Michael Fairweather secretly fell for the sexy boxer almost a year before he went to work for him. He targeted his education and life plan so that he could be the best personal trainer/nutritionist/masseuse that Liam would ever need. He has a boyfriend through a good portion of the book, even after discovering that Liam may have feelings for him. Michael is a tricky character; I didn’t like him as much as Liam. Michael came across as very selfish at times, and just one more thing that Liam had to worry about. Since the story is told exclusively from Liam’s POV, maybe if we could have seen inside Michael’s mind to why he makes some of the decisions he makes, it would have made him more relatable. The story begins with a push/pull dynamic between Michael and Liam that is delicious in its tension. We definitely know that they are attracted to each other and in heavy, unrequited lust. It is actually after they decide to become a couple that things fall apart.
“When you blush, you, this perfect man made up of two hundred plus pounds of pure muscle, because of me? Fuck, Liam, you make me crazy.”
The attraction is there, the sex is raw, gritty and off-the-charts hot. This is a slow burn story; the outside influences on these two are numerous and take up a lot of page time. Unfortunately, this cuts down on space which needed to be used to convince us, as readers, of the plausibility of a HEA with these two men. Since this is supposedly the first in a series, maybe we will get more from Liam and Michael in book two, and they can establish themselves as a forever couple.
There were other antagonist in the story, mainly the fake girlfriend, Liam’s manager and his coach. The coach was the only character I enjoyed. The fake girlfriend was trite and clichéd and frankly, I wanted to stab the manager through the pages of the book. The fake girlfriend could have been more of a support for Liam; instead, she is a ring bunny, hardly speaks English, and later comes out as lesbian?! Uhm, no.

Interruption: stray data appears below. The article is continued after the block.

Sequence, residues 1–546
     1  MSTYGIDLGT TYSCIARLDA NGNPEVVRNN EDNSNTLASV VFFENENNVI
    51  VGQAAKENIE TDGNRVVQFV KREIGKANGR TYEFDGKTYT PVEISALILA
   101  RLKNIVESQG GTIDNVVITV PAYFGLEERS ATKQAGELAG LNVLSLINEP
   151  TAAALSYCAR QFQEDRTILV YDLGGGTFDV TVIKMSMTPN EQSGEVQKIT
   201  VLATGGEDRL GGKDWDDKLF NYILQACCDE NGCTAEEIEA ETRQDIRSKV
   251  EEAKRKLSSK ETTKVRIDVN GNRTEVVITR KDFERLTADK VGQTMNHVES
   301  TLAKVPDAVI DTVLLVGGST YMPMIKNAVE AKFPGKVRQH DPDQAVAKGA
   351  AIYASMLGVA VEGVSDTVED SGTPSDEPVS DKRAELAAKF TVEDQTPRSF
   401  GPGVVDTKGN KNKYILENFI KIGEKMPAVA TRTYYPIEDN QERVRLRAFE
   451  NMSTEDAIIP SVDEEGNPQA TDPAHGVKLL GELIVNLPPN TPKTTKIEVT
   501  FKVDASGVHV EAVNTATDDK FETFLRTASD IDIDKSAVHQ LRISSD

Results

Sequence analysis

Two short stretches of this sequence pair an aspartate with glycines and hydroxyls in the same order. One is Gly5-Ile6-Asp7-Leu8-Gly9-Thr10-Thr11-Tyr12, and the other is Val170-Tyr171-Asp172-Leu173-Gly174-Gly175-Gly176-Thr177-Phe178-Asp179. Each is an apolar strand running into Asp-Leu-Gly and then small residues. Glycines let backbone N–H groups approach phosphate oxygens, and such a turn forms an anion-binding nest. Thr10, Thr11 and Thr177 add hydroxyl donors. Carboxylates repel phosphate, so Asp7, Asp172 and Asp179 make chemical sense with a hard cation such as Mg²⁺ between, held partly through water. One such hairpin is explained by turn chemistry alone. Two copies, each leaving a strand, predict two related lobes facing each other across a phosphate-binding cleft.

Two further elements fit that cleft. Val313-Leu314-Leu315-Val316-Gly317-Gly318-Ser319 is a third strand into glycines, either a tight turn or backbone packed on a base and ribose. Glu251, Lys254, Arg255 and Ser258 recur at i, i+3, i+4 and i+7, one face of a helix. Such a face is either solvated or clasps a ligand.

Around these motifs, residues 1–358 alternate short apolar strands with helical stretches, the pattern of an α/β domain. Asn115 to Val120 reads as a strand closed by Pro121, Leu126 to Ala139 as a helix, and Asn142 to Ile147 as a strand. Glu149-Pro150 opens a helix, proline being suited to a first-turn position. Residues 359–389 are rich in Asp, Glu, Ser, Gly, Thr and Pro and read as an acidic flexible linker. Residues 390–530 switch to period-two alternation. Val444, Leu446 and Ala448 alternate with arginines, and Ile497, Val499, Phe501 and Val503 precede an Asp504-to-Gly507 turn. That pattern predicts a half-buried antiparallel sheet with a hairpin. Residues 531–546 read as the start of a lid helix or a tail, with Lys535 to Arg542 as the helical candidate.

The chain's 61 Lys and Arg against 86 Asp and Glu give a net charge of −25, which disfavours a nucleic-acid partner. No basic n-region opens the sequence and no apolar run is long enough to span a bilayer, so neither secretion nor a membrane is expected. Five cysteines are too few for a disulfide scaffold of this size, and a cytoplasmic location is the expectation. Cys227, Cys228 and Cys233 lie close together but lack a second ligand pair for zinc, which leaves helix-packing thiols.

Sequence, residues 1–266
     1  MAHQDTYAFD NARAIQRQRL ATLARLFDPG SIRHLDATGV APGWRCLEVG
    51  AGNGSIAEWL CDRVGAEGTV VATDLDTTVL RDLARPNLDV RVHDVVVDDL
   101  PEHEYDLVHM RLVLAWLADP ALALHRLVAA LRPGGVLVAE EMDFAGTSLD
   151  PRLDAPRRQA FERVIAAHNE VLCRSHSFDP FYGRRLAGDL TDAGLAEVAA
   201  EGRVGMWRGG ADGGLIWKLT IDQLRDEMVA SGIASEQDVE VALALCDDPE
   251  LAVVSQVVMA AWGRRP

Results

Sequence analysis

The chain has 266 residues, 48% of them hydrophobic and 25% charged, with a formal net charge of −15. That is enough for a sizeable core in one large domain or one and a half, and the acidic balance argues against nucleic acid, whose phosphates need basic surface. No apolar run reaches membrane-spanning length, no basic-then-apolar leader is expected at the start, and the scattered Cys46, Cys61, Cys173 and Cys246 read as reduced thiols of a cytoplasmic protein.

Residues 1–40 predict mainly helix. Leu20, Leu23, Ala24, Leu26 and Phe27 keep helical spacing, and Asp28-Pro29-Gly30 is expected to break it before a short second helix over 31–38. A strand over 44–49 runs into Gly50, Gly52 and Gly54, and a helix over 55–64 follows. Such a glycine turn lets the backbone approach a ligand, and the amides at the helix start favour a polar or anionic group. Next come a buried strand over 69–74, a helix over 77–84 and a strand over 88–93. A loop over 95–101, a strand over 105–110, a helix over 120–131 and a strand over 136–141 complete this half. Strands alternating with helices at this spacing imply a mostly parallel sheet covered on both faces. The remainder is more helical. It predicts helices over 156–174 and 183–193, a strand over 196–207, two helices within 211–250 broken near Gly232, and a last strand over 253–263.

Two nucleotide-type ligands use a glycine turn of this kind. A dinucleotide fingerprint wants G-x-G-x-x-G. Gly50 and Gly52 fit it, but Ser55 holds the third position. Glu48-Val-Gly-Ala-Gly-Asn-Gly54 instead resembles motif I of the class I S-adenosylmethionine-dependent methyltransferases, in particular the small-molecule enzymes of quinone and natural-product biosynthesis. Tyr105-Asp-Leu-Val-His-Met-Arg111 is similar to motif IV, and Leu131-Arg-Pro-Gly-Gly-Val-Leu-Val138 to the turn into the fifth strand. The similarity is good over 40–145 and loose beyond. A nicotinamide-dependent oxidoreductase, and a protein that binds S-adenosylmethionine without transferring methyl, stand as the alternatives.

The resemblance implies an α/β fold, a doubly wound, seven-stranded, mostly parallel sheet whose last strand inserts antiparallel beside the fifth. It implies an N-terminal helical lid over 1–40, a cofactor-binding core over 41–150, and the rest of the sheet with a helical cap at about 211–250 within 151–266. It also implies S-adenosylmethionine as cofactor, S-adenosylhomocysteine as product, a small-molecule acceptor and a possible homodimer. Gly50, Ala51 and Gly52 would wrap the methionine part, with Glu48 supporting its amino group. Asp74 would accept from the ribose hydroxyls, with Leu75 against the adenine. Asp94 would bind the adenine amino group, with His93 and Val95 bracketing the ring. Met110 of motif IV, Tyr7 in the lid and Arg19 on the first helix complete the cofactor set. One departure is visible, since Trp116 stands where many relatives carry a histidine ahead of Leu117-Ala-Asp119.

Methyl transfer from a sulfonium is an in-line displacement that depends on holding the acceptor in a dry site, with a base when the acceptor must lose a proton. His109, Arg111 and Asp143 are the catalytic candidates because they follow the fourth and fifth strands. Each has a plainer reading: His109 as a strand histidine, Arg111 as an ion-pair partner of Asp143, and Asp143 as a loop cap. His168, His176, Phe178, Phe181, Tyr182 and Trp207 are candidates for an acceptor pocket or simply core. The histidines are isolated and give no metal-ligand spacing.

I wish that we could have gotten more from Liam’s siblings and his coach. What we did get was lighthearted and a source of happiness for Liam. His siblings and his coach were the only ones who supported Liam just as he was. I’m going to be honest with you; I liked this book; I didn’t love it I think mostly because I recently read another “fighter/boxer” novel and the two books mimicked each other in storyline, and, frankly, what annoyed me in the first story repeated itself in this one. Overall, it’s a good solid story and well worth reading, if just for the massage scenes between the two MCs. Yes, it has some problems, but Liam is worth the effort of working past them.
This is an emotional and, at times, evocative novel. It is filled with a good portion of erotica, and MCs plagued with a lot of angst.
You can buy In the Ring here: